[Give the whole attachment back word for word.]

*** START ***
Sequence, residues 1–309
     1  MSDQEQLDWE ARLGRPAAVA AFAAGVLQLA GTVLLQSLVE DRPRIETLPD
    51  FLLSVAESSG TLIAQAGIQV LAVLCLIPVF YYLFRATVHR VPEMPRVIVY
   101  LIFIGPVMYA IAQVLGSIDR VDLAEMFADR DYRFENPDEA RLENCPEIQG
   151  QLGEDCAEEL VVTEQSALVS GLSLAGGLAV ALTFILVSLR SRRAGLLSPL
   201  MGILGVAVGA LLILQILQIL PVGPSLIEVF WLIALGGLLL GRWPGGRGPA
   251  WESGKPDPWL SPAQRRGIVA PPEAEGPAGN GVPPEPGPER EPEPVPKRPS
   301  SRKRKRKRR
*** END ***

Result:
Sequence, residues 1–309
     1  MSDQEQLDWE ARLGRPAAVA AFAAGVLQLA GTVLLQSLVE DRPRIETLPD
    51  FLLSVAESSG TLIAQAGIQV LAVLCLIPVF YYLFRATVHR VPEMPRVIVY
   101  LIFIGPVMYA IAQVLGSIDR VDLAEMFADR DYRFENPDEA RLENCPEIQG
   151  QLGEDCAEEL VVTEQSALVS GLSLAGGLAV ALTFILVSLR SRRAGLLSPL
   201  MGILGVAVGA LLILQILQIL PVGPSLIEVF WLIALGGLLL GRWPGGRGPA
   251  WESGKPDPWL SPAQRRGIVA PPEAEGPAGN GVPPEPGPER EPEPVPKRPS
   301  SRKRKRKRR